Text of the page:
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A company called WeWork has been in the news for the last many years. First for revolutionizing co-working office spaces, and more recently, for the fall of its valuations from the billions to the millions.

But WeWork is one thing. And WhyWork is another. No, it’s not a startup that you haven’t heard of, but a simple query to the universe.

Why work, when we are anyway asked to give up the results, and give up doership? If it ain’t gonna matter, then why work even a smatter?

Well the answer to that is simply because work needs to be seen as a means to an end (purification of the mind), not the end itself. The work is simply a journey, which is why the Gita never cares about the work itself, but only about “how” the work is done (with full surrender to the divine)!

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Praying in future tense

We’re probably always wanting something out there in the future.

When this want becomes fervent, it may morph into a prayer even.

With every cell hoping for a magical future.

But do we realize that many years ago and many prayers ago…

…we asked for things, that have become a reality, even if it may not seem so.

A comfy life, some travel, some family time, decent money and status, good health. Many of these we may have wished for, and indeed got, but do we remember? Or are the prayers of yesteryear simply replaced by new prayers hoping for even more cheer?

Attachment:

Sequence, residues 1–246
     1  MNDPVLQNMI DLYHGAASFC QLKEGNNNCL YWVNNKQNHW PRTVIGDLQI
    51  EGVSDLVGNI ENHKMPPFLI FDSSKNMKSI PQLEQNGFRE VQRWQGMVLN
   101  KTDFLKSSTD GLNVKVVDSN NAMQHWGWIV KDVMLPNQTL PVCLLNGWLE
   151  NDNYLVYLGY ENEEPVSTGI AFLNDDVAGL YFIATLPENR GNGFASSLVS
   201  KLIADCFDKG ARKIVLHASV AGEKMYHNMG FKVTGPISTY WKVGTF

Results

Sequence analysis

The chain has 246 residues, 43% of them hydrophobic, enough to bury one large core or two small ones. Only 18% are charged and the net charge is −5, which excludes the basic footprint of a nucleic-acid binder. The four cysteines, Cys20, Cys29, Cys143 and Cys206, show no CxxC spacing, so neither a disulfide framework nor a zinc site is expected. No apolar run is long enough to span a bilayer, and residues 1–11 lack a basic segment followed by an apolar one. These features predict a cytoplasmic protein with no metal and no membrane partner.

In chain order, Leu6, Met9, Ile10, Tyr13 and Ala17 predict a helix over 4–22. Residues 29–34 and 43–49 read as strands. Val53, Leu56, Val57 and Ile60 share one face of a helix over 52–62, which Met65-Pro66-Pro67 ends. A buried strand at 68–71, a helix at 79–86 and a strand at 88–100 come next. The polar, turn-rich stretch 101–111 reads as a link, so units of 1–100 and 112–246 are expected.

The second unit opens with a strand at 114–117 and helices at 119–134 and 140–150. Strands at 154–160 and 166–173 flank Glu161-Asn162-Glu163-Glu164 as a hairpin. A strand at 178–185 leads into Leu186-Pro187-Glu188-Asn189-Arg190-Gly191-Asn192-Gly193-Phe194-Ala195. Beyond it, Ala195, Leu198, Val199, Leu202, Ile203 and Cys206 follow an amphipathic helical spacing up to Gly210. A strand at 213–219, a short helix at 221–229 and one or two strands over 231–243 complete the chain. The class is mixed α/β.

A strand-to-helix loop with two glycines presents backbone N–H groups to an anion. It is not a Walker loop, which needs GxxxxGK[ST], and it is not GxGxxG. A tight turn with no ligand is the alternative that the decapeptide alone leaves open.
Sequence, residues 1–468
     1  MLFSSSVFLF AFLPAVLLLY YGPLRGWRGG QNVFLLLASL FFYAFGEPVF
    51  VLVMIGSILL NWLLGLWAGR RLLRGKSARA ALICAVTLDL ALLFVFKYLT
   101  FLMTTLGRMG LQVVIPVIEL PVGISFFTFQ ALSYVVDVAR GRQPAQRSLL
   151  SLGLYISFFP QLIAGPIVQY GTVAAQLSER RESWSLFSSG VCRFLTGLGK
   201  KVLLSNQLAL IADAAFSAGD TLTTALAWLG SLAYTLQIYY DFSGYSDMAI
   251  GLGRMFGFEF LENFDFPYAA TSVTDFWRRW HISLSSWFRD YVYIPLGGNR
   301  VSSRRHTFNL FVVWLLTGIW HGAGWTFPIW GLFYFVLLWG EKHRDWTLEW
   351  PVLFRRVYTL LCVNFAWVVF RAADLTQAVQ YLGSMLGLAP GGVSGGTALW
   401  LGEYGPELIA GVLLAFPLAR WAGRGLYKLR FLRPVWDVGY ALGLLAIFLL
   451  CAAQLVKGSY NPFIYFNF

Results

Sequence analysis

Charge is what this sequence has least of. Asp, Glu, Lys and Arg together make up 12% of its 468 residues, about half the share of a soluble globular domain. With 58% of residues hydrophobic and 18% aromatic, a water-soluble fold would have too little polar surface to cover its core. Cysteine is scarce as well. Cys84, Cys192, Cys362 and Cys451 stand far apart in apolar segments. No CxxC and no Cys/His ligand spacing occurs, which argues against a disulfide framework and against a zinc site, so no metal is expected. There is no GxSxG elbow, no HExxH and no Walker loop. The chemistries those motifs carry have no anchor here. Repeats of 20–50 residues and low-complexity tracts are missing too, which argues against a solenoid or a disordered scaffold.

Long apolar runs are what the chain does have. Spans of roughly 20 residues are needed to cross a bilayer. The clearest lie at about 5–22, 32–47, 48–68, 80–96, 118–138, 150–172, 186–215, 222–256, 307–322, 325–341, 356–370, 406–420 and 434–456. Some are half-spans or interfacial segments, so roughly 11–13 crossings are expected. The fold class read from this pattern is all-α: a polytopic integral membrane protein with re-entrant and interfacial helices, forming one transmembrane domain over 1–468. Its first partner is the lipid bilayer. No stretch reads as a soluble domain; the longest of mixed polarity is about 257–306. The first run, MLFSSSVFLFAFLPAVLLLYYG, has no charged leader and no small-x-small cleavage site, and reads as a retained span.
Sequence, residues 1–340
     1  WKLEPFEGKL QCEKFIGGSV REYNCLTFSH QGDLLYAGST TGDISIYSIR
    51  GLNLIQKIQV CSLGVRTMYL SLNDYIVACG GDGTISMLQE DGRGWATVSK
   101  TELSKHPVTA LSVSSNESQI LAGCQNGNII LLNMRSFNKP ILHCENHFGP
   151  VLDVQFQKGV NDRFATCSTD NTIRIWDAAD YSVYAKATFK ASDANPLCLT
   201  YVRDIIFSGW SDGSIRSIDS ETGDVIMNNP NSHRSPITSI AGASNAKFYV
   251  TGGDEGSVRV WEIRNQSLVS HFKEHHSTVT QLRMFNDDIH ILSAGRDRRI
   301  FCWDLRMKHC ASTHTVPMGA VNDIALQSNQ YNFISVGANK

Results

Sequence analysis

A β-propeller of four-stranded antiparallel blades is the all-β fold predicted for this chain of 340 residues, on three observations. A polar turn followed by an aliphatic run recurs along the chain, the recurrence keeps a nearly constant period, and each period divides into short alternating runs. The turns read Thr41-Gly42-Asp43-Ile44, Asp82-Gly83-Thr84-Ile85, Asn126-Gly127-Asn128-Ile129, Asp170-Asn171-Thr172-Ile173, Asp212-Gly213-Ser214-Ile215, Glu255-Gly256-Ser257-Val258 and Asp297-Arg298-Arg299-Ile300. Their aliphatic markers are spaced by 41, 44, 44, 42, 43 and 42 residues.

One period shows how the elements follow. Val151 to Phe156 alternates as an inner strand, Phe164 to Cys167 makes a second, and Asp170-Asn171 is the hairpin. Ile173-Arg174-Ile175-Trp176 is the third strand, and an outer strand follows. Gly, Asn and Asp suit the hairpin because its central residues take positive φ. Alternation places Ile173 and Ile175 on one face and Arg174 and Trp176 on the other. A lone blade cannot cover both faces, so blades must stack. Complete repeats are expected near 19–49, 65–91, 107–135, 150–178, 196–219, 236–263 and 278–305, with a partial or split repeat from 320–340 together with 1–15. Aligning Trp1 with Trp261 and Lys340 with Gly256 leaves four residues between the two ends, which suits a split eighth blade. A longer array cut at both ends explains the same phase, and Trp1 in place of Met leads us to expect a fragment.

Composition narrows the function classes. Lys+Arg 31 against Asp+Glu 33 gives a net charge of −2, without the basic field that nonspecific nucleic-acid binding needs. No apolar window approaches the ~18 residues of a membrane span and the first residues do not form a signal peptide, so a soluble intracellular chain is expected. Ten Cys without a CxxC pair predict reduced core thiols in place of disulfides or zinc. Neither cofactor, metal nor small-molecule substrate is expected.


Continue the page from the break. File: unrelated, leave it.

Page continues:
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Nobody likes corrupt people. Not even the corrupt ones themselves.

But everyone has weaknesses.

And exploiting a weakness in someone could be the first step to corruption.

Offer them something to solve a serious problem, and they will forever be indebted, leaving open the possibility of crossing a line as a favour.

But there exists only one person who is incorruptible. The one who is a jnani. The one who wants only mukti and nothing else.

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Dancing confusion

In the realm of spirituality, seekers often ponder the art of engaging wholeheartedly with the world’s ups and downs, versus withdrawing into a state of inner calm and detachment. Can one gracefully transition between these two states? To immerse ourselves in life’s vivid experiences, yet also find solace in a serene, desireless state.

An analogy could be pertinent.

Imagine playing a role in a romantic flick alongside our favorite hero or heroine. In those scenes, we’re fully present, singing songs and reveling in the joy of the moment. But once the scene wraps, if we hold onto that role too tightly, we might be at the receiving end of a tight hand-to-face from said actor playing the favorite hero / heroine. There’s a delicate balance here. By recognizing it is only a role, we remain untangled, fully present in the day-to-day world, yet with a tranquil, uncluttered mind.

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Business-personal solutions

Here’s a thought provoking tweet by one Justin Welsh.

“Every problem in business can be solved in 1 of 2 ways. 1) Looking at your company data. 2) Speaking to your customers.”

I found this quite profound, and realized that this is not just the solution to business problems, but also applicable to our own personal and professional lives.

How can we look at our own data? By doing a quick self-audit. What are we doing right or wrong? How much time are we wasting. What are the pain points in our lives?

And who are our customers? Everyone we interact with regularly perhaps. And we can surely ask those who we are close with for self-improvement feedback!